This second edition of Climate Change is an accessible and comprehensive guide to the science behind global warming. Exquisitely illustrated, the text is geared toward students at a variety of levels. Edmond A. Mathez and Jason E. Smerdon provide a broad, informative introduction to the science that underlies our understanding of the climate system and the effects of human activity on the warming of our planet.
Mathez and Smerdon describe the roles that the atmosphere and ocean play in our climate, introduce the concept of radiation balance, and explain climate changes that occurred in the past. They also detail the human activities that influence the climate, such as greenhouse gas and aerosol emissions and deforestation, as well as the effects of natural phenomena. Climate Change concludes with a look toward the future, discussing climate model projections, exploring the economic and technological realities of energy production, and presenting a view of the global warming challenge through the lens of risk. Each chapter features profiles of scientists who advanced our understanding of the material discussed. This new edition expands on the first edition's presentation of scientific concepts, making it ideal for classroom use for a wide swath of undergraduate and masters students with both science and nonscience backgrounds.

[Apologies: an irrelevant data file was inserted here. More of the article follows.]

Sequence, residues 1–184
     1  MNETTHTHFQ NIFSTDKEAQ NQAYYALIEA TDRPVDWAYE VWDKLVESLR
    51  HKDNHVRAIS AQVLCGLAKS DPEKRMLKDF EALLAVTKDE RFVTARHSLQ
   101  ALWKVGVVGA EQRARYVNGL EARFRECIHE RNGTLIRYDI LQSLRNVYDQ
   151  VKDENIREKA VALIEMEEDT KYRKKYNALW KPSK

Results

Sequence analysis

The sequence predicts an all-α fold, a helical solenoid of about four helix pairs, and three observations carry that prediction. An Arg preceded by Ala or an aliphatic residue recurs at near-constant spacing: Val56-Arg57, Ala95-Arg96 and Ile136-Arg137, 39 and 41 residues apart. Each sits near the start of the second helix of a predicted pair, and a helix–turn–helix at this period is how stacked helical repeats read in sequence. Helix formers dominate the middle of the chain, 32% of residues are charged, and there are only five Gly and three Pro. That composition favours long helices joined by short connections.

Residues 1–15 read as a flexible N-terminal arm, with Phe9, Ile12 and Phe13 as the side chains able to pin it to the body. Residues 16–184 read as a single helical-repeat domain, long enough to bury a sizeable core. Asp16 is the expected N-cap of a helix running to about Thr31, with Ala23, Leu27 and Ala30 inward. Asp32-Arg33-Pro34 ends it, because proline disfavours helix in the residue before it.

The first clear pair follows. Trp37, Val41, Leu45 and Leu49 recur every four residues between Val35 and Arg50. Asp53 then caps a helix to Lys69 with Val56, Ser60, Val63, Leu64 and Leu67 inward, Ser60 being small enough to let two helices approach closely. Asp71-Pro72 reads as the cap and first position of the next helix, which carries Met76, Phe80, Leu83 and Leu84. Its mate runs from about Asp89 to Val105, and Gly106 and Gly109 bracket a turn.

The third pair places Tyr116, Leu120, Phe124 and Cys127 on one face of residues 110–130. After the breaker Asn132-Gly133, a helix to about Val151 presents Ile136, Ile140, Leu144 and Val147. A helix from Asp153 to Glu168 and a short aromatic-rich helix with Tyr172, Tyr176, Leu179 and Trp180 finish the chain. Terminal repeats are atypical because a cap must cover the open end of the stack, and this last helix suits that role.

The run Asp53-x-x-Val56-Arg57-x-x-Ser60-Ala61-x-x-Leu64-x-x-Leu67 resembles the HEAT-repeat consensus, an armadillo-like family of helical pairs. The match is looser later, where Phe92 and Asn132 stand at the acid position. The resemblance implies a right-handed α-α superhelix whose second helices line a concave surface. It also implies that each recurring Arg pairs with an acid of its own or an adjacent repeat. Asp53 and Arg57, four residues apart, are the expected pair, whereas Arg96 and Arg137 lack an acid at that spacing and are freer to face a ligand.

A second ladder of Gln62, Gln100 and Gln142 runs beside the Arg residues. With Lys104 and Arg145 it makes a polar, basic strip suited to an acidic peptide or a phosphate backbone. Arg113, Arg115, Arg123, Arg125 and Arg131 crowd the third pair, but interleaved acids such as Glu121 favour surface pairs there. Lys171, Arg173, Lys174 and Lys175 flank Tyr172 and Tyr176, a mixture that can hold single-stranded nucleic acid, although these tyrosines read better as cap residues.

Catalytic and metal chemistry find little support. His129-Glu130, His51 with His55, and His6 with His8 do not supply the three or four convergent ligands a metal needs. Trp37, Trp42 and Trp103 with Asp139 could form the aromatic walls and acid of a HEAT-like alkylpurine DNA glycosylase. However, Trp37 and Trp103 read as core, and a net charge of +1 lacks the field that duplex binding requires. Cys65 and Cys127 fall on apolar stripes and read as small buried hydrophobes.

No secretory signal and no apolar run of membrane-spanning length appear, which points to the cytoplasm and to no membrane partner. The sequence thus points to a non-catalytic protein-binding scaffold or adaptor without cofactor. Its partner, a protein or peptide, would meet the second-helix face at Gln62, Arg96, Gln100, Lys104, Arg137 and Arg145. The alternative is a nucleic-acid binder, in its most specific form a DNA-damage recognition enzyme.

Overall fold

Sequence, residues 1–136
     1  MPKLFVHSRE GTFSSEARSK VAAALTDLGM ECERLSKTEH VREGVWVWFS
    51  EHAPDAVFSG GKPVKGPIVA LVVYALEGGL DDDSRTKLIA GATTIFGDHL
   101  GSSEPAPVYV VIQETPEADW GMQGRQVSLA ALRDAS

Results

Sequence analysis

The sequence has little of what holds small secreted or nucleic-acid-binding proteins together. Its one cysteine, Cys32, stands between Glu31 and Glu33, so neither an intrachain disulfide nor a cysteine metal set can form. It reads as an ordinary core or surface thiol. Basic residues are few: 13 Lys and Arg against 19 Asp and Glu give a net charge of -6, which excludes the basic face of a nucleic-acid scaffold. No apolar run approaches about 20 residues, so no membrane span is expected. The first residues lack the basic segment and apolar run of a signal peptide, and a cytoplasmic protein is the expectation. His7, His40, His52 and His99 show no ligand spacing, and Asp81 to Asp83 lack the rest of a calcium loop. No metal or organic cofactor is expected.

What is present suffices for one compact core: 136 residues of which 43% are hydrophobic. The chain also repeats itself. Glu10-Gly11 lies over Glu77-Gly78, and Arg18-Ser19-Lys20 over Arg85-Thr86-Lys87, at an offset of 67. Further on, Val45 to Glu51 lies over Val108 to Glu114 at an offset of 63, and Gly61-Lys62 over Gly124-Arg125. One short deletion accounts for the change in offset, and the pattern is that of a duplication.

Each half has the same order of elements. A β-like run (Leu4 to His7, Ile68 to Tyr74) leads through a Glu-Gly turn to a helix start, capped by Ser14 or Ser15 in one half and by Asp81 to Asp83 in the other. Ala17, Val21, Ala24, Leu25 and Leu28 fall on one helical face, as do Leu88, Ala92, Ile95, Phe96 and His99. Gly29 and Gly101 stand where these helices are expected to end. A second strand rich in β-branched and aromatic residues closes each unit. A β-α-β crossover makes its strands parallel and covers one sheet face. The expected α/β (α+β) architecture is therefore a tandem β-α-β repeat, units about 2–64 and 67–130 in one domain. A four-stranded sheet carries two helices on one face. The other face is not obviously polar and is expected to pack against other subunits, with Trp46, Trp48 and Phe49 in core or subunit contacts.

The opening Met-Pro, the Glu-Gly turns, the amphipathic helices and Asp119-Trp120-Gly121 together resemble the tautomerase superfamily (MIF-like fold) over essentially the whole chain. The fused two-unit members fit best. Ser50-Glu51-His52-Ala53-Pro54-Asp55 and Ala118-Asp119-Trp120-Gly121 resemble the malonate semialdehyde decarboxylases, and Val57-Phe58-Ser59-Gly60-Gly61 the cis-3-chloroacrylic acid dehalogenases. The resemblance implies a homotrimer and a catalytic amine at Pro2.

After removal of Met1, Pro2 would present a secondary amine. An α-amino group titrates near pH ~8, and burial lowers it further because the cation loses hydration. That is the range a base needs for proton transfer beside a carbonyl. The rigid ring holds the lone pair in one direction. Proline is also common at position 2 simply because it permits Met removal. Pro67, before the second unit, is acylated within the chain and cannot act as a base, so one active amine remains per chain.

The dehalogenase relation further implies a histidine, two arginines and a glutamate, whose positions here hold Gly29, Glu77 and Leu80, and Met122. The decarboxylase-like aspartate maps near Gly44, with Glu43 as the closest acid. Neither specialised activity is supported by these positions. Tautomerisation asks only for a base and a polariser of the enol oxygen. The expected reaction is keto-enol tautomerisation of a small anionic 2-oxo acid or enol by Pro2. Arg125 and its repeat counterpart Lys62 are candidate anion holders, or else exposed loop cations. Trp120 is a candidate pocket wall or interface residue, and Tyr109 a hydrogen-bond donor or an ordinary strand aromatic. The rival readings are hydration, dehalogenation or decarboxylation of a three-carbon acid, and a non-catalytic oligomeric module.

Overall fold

About the Author
Edmond A. Mathez is curator emeritus in the Department of Earth and Planetary Sciences at the American Museum of Natural History. A leading expositor of earth systems science, he co-curated the museum's Gottesman Hall of Planet Earth, the 2008 exhibit Climate Change: The Threat to Life and a New Energy Future, and the 2014 exhibit Nature's Fury: The Science of Natural Disasters. Jason E. Smerdon is a Lamont Research Professor at the Lamont-Doherty Earth Observatory, an Earth Institute faculty member, and the co-director of the Undergraduate Program in Sustainable Development, all at Columbia University. He is a leading researcher on climate variability and change over the last 2,000 years.